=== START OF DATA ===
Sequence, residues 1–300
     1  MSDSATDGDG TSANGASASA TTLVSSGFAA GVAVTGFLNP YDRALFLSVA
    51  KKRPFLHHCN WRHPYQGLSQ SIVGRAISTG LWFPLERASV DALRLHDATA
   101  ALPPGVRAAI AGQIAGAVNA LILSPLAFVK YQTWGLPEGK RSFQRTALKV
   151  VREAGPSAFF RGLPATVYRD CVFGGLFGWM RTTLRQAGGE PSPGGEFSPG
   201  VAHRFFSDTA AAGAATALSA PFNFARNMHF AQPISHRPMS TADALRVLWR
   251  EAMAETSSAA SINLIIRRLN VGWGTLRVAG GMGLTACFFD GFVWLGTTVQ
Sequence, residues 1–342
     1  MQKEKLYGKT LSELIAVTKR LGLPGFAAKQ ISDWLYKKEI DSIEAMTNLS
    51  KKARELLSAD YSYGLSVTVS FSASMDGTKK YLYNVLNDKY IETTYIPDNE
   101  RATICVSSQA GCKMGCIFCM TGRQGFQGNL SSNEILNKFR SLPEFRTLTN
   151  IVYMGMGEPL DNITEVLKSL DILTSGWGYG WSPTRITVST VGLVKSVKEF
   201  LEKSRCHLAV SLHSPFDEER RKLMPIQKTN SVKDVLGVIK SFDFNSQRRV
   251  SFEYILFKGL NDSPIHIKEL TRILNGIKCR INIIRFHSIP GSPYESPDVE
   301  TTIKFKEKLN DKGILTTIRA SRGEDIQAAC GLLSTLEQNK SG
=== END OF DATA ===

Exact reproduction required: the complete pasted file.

Sequence, residues 1–300
     1  MSDSATDGDG TSANGASASA TTLVSSGFAA GVAVTGFLNP YDRALFLSVA
    51  KKRPFLHHCN WRHPYQGLSQ SIVGRAISTG LWFPLERASV DALRLHDATA
   101  ALPPGVRAAI AGQIAGAVNA LILSPLAFVK YQTWGLPEGK RSFQRTALKV
   151  VREAGPSAFF RGLPATVYRD CVFGGLFGWM RTTLRQAGGE PSPGGEFSPG
   201  VAHRFFSDTA AAGAATALSA PFNFARNMHF AQPISHRPMS TADALRVLWR
   251  EAMAETSSAA SINLIIRRLN VGWGTLRVAG GMGLTACFFD GFVWLGTTVQ
Sequence, residues 1–342
     1  MQKEKLYGKT LSELIAVTKR LGLPGFAAKQ ISDWLYKKEI DSIEAMTNLS
    51  KKARELLSAD YSYGLSVTVS FSASMDGTKK YLYNVLNDKY IETTYIPDNE
   101  RATICVSSQA GCKMGCIFCM TGRQGFQGNL SSNEILNKFR SLPEFRTLTN
   151  IVYMGMGEPL DNITEVLKSL DILTSGWGYG WSPTRITVST VGLVKSVKEF
   201  LEKSRCHLAV SLHSPFDEER RKLMPIQKTN SVKDVLGVIK SFDFNSQRRV
   251  SFEYILFKGL NDSPIHIKEL TRILNGIKCR INIIRFHSIP GSPYESPDVE
   301  TTIKFKEKLN DKGILTTIRA SRGEDIQAAC GLLSTLEQNK SG